Year: 2008
Production Co: Nowhere Fast Productions
Director: Marc Price
Producer: Marc Price
Writer: Marc Price
Cast: Alastair Kirton

It would be interesting to pinpoint where the current pop culture grip of zombiemania started. With the advent of the DIY film movement a decade or so ago, a lot of filmmakers who were once just film fans bought their favourite genre trappings (including grindhouse and video nasty era classics) with them, and in a lot of cases they would have included Night of the Living Dead and Dawn of the Dead .

I remember writing about how the world was in the clutches of a zombie craze way back when Danny Boyle made 28 Days Later, and 10 years later as I write these words – with The Walking Dead conquering TV, Zombieland and Shaun of the Dead box office successes and World War Z in production – it shows no signs of slowing down.

What possible new angle could there be to a zombie apocalypse? Tell the story form a zombie's point of view of course, which is exactly what director, writer, cinematographer and editor Marc Price did for the sum of 40 quid (undoubtedly not the case but it was a clever aspect of the marketing).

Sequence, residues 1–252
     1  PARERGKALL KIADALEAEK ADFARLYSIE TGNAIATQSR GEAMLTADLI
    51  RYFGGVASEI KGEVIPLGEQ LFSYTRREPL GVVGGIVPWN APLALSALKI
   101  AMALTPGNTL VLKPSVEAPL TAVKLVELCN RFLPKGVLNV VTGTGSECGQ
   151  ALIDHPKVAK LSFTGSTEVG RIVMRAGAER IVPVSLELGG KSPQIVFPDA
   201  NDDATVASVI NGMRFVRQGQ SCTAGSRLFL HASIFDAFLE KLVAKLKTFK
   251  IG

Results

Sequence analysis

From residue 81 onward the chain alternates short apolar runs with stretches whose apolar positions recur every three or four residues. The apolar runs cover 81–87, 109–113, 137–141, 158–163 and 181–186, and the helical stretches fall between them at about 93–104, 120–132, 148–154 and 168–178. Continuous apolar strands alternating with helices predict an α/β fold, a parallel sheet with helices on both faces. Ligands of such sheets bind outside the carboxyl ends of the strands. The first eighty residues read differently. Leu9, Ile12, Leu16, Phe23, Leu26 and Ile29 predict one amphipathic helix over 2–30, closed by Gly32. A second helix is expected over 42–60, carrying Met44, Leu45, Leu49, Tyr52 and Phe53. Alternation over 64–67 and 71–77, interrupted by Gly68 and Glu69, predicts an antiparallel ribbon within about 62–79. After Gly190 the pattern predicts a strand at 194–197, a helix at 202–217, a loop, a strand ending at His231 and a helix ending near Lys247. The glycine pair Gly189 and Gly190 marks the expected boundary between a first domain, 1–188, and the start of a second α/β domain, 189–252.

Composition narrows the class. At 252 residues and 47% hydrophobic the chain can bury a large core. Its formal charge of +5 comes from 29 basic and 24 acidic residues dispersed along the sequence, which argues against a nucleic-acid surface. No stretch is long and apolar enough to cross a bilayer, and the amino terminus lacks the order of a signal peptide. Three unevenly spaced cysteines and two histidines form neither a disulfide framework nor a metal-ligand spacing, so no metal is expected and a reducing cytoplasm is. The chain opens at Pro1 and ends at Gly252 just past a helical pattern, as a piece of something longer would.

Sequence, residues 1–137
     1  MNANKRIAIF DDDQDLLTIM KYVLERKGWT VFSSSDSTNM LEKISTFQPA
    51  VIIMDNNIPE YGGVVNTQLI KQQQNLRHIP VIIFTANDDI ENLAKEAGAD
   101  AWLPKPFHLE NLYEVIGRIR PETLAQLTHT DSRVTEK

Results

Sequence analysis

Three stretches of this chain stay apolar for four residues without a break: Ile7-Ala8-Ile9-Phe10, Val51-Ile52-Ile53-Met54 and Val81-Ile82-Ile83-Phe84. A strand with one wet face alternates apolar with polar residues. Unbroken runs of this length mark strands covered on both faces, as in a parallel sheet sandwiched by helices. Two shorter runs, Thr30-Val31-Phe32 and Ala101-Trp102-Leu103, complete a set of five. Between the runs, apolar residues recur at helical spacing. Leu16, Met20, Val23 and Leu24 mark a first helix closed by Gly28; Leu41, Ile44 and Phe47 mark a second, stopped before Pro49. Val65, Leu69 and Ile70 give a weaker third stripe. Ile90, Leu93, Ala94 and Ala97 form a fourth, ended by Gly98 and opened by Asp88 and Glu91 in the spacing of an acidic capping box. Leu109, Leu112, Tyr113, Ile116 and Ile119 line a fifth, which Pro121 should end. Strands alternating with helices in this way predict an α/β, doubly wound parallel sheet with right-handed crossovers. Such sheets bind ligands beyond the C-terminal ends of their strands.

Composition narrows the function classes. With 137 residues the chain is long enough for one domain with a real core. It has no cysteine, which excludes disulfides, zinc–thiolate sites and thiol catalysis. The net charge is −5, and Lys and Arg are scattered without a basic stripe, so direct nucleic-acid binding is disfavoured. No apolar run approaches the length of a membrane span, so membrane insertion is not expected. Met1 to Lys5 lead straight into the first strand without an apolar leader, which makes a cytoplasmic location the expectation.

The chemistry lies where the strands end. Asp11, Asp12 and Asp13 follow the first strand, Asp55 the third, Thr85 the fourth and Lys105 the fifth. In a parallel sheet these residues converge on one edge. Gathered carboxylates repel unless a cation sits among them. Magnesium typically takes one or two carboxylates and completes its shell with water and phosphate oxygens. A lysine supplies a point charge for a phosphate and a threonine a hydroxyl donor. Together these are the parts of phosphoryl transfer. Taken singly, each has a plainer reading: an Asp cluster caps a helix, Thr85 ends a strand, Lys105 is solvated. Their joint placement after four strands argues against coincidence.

We meet Colin (Kirton) not long after the attack that saw him bitten by one of the undead when the zombie virus descends. He stumbles blindly outside into urban London, gunfire peppering the suburbs around him, and his rapidly-decaying body makes its way from an inventive zombie robbery to the family desperate to see if there's some shred of humanity left of him and more.

The singular accomplishment of this movie is by following a character with no arc or drive (other than the desire to find someone to eat) for 100 minutes and not make it boring. The very nature of the story makes it episodic, but Price wields some very imaginative narrative devices to call back to earlier events and give Colin a story even he doesn't know about.

The lo-fi approach shows a few too many technical flaws – the film takes too long to get going as Colin slowly succumbs to his bite, and there's an entire sequence of a man apparently keeping zombies in his basement and trying to feed a young woman to them after she comes to him for help (at least that's what I gathered – it's too dark to see a thing during the entire scene).

But Price has written a good script and shot it with all the verve his equipment and means afforded him, and he deserves a bigger budget and a real shot no less than Neill Blomkamp after Alive in Joburg or Duncan Jones after Moon.

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